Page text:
(Bloomberg) -- The United Arab Emirates agreed to increase financial transparency in its airlines as part of a deal with the U.S. to resolve allegations that two state-owned carriers have unfairly benefited from billions of dollars in government subsidies.
The U.S. and U.A.E. acknowledged that while government support of airlines isn’t unusual, it may “adversely impact competition,” according to a copy of the agreement, which was seen by Bloomberg News. The Persian Gulf country, home of Emirates and Etihad Airways, also committed to issue annual public financial reports under internationally recognized accounting standards.
While the accord doesn’t freeze so-called fifth-freedom flights, the U.A.E. pledged that its carriers have no plans for more of these routes, a senior State Department official said. Such flights have proved controversial in the past because of the indirect market access they provide. Under commercial aviation protocols, the flights start in an airline’s home country and touch down in a different nation before continuing on to a third. Emirates makes such flights from Dubai to Athens and then on to Newark, New Jersey.
The agreement settles the final piece of a long-running dispute over government aid, which pitted the largest U.S. airlines against rivals in the U.A.E. and Qatar. American Airlines Group Inc., Delta Air Lines Inc. and United Continental Holdings Inc. claimed in 2015 that the Persian Gulf carriers were able to compete unfairly on flights into the U.S. because of government subsidies.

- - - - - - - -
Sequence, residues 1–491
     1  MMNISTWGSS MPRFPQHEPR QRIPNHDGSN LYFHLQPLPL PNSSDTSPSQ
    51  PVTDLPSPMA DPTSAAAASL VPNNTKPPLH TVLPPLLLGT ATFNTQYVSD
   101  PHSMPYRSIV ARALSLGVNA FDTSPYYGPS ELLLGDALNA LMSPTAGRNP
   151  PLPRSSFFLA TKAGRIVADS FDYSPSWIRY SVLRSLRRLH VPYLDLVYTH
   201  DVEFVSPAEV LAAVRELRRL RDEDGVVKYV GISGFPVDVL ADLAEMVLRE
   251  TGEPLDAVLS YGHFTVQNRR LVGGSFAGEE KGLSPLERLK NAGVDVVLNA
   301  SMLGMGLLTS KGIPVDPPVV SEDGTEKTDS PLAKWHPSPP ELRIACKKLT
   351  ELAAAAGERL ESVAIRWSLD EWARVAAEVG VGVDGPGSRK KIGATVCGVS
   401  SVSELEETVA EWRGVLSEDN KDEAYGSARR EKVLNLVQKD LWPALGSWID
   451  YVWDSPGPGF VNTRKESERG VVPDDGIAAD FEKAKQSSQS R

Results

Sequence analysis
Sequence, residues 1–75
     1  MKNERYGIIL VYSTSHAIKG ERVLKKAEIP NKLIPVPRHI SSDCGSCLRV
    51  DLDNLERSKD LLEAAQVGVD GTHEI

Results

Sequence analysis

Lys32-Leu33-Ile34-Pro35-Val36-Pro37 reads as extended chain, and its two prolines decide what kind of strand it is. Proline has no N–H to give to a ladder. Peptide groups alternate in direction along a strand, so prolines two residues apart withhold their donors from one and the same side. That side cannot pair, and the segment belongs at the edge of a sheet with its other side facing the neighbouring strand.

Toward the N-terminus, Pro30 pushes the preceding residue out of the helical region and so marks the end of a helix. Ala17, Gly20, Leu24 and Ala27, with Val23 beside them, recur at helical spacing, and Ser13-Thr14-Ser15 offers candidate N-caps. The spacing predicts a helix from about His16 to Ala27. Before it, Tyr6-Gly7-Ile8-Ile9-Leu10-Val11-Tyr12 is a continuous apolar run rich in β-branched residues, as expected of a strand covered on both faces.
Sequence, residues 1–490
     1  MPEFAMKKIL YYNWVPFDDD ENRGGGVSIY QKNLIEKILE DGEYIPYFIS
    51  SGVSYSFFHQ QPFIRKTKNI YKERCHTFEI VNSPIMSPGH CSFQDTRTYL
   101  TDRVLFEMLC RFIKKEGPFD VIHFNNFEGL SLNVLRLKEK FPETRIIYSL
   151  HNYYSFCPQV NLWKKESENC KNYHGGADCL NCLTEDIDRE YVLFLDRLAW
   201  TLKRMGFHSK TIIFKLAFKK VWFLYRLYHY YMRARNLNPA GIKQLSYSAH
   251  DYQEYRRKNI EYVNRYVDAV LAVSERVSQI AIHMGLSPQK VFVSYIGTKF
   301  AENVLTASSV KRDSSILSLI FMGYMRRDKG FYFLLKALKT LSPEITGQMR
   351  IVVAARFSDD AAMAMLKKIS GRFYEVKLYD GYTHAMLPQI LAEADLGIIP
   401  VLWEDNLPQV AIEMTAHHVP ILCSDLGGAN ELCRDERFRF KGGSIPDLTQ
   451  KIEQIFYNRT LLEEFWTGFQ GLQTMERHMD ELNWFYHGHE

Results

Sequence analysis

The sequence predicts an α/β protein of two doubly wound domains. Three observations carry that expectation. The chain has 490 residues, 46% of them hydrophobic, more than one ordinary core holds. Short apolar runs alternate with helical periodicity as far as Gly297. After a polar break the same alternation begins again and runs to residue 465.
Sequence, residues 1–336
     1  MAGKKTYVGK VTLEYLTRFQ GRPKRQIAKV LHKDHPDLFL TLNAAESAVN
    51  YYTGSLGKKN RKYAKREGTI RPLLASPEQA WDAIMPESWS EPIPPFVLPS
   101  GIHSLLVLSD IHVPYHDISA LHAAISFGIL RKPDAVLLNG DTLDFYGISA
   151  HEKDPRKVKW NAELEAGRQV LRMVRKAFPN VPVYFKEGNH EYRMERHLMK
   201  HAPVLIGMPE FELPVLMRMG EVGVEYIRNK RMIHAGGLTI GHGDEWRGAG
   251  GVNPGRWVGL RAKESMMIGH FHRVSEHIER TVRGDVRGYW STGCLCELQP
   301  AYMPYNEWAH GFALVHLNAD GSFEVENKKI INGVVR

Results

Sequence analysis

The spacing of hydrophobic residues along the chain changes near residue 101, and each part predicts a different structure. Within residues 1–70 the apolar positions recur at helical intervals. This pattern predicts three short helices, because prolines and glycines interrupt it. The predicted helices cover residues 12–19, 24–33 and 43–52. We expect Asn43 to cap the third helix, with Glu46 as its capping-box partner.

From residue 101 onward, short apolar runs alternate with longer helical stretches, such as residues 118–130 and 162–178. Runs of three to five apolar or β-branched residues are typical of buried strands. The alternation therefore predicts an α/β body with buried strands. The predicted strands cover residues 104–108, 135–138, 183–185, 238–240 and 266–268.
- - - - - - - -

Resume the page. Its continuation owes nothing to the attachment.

U.S. Secretary of State Mike Pompeo is expected to announce the agreement May 14, people familiar with the matter said, who asked to not be identified because the document hasn’t been made public. The U.S. and Qatar reached a separate agreement in January, which would apply to Qatar Airways.
The State Department wanted to address concerns raised by the U.S. carriers and ensure a level playing field, the official said.
The U.A.E. deal bears out “what we have said all along – its government subsidies harm competition,” Scott Reed, campaign manager for the Partnership for Open and Fair Skies, said in a statement. The group represents American, Delta, United and several airline unions in the dispute.
“All the terms and provisions of the Air Transport agreement including fifth freedom rights remain fully in place, with the U.A.E. and U.S. airlines free to continue to add and adjust routes and services,” Yousef Al Otaiba, the U.A.E.’s ambassador to the U.S., said in a statement.
The U.S. carriers in the dispute claimed subsidies from the Gulf nation allowed Etihad and Emirates to continue operating flights on which they were losing money, giving them an advantage over domestic rivals.
Emirates said it welcomed the conclusion of the talks.
“The record of discussion and related side letter fully preserves Open Skies as per the existing Air Transport Agreement between the U.S. and the U.A.E., guaranteeing complete commercial flexibility that benefits consumers, communities, and the economies of both countries,” it said in an emailed statement.
Etihad couldn’t be reached for comment.
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